Toasters vs. Sharks… Their complex relationship has been hinted at both in documentaries and articles, with the outcome generally being that toasters are considered the more dangerous of the two. Statistically this is correct… Let’s assume the above sources are accurate; a global maximum of 15 fatal shark attacks per year compared to 300 fatal toaster ‘incidents’ per year (down from 3000 when first introduced!). It is therefore evident that you are at least twenty times more likely to die when pfaffing about in the kitchen, or wherever you keep your toaster: I won’t really judge you on this.

But I am uneasy with this statistic for a number of reasons:

Kitty of the Apocalypse

  1. I have personally never been killed by a toaster and I know how to use one.
  2. Were I in the ocean or aquarium with a large-and-dangerous-enough shark I would feel very self-conscious
  3. A lot of electrocution happens from misuse, rather than an insatiable drive to fulfil an insatiable appetite.
  4. There are a lot more toasters than sharks.
  5. Toasters have only been around for a century or so… Sharks considerably longer.
  6. Proper documentation on shark attacks is a relatively recent thing, giving them a rough 500 millenium headstart on transforming humans into shark noms.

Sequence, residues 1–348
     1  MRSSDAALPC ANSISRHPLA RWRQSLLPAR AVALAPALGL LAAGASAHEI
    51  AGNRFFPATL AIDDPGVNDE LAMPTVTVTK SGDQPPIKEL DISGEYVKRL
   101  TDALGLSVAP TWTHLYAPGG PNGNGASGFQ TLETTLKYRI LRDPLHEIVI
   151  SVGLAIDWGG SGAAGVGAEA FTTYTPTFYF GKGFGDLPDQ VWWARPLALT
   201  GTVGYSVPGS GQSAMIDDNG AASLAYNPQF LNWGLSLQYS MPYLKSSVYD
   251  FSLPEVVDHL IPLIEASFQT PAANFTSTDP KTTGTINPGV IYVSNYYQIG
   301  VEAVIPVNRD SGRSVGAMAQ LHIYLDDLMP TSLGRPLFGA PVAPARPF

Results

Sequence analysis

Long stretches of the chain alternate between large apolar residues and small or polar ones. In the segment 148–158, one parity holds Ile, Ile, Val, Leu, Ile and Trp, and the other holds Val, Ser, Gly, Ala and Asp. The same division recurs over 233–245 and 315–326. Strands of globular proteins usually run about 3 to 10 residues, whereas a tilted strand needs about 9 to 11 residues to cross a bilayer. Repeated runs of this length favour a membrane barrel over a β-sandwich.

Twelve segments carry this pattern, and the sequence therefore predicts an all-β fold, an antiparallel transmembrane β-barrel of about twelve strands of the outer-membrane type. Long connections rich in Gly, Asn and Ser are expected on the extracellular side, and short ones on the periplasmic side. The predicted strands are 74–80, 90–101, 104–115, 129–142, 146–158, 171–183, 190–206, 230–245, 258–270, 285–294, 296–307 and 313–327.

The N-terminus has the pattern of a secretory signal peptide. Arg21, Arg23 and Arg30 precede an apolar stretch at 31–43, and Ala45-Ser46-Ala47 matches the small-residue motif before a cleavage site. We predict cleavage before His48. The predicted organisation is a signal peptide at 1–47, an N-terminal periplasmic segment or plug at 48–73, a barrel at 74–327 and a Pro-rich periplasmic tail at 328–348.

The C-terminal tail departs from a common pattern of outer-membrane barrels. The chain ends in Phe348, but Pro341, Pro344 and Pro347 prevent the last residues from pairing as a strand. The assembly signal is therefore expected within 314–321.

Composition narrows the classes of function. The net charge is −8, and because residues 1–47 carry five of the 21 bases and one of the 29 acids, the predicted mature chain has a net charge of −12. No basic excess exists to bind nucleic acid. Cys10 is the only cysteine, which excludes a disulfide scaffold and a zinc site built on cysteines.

7. People generally use their toasters more than swim in the ocean.
  8. Toasters don’t really seem that sinister

Point Four interests me particularly. While there are no accurate figures of populations for any shark species (many are endangered or threatened and numbers have generally been declining over the last hundred years) and with great white estimates alone ranging from hundreds to thousands,  I did manage to find some toaster statistics: 15.3 million made in 2006 (an increase of 3.38% from 2005). Apparently toasters also last six to eight years and that means those made in 2006 are probably still around, so this cumulates (with the respective increases) to about 99.9 million toasters in the world. I would say that is a very conservative estimate, as this figure would only provide one toaster for every three people in North America alone.